Education Justice Goes Digital

Legal Services Creates New App to Help Students & Parents

ST. LOUIS – The pandemic has drastically changed how students “attend” school, whether they are in-person, remote, or in a hybrid combination. Unfortunately, for some students and families, it is now even harder to access the education they are legally entitled to.

Legal Services of Eastern Missouri, through its Education Justice Program, has introduced the EdRights App to provide students and parents with easy-to-use information about their legal rights for school and education services.

In 2016, Legal Services of Eastern Missouri formed the Education Justice Program to assist families and students who were denied equal access to quality education as outlined by the law. This program helps families deal with school enrollments, special education assistance, suspensions, expulsions, and other issues that limit access to learning.

Nationwide, students of color are suspended and expelled at inordinately higher rates than white students. A 2017 ProPublica report found that Black Missouri public school students were 4.4 times more likely to be suspended than white students even though Black students comprise only 16 percent of all students enrolled in Missouri public schools.

“We found that parents and students need basic information about student rights,” stated Amanda Schneider, Managing Attorney of the Education Justice Program. “The easiest and quickest way to get information to people is through their smart phones and tablets,” she noted.  “Thanks to support from the Deaconess Foundation, we created the EdRights Appthat parents and students can access for free from our website,” said Schneider. The App can be used on a web browser or downloaded to a phone or tablet home screen for easy reference.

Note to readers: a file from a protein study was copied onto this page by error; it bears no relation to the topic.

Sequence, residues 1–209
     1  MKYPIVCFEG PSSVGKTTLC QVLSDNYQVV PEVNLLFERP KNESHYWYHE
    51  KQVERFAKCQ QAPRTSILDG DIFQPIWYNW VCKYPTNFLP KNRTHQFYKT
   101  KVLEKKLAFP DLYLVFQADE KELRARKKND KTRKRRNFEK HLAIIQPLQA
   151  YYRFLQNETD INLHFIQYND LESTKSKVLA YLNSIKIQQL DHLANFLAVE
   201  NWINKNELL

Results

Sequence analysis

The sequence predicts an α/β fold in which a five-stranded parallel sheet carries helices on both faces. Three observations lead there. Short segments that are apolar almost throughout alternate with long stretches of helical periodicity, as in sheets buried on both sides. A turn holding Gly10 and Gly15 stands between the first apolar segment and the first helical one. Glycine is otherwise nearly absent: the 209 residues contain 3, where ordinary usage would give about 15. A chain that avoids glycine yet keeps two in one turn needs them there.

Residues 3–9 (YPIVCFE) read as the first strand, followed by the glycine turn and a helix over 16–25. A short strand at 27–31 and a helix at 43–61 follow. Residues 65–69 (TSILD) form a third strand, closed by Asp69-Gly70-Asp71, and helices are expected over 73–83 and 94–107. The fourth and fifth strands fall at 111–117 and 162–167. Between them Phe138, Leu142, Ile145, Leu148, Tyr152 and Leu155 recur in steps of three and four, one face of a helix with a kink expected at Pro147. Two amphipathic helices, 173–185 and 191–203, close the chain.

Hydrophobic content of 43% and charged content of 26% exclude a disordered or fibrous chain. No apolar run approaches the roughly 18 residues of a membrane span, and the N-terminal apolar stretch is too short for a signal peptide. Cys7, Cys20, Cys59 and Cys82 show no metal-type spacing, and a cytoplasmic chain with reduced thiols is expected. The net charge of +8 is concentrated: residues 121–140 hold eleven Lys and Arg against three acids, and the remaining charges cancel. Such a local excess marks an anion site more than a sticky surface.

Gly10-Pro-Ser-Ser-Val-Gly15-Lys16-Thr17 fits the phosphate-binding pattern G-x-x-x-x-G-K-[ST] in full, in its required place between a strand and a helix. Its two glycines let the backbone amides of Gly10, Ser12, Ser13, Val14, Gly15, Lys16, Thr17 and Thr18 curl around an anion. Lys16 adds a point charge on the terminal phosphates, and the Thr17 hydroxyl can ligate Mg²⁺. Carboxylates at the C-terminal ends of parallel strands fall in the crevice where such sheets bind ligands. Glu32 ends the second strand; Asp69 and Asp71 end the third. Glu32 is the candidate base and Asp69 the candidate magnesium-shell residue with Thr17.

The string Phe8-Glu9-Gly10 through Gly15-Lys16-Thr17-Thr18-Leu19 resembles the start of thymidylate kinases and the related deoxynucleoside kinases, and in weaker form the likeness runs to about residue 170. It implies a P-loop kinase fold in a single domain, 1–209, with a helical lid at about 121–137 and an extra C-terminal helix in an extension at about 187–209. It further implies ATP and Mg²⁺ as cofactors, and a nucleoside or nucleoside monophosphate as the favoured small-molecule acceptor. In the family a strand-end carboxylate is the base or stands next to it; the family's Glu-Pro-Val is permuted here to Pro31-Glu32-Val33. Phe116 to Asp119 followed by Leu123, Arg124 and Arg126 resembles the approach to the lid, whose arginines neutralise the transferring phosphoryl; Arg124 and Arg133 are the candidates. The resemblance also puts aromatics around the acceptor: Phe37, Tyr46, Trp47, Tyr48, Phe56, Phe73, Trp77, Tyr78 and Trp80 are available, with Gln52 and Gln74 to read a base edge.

The EdRights App is free and can be found at For more information about the Education Justice Program, contact Amanda Schneider at


About Legal Services of Eastern Missouri: Celebrating 65 years of providing equal access to justice for individuals and families. Since 1956, more than 1 million people in 21 eastern Missouri counties have been helped. For more information or to get help, please visit Offices in St. Louis, Clayton, Union and Hannibal, Missouri.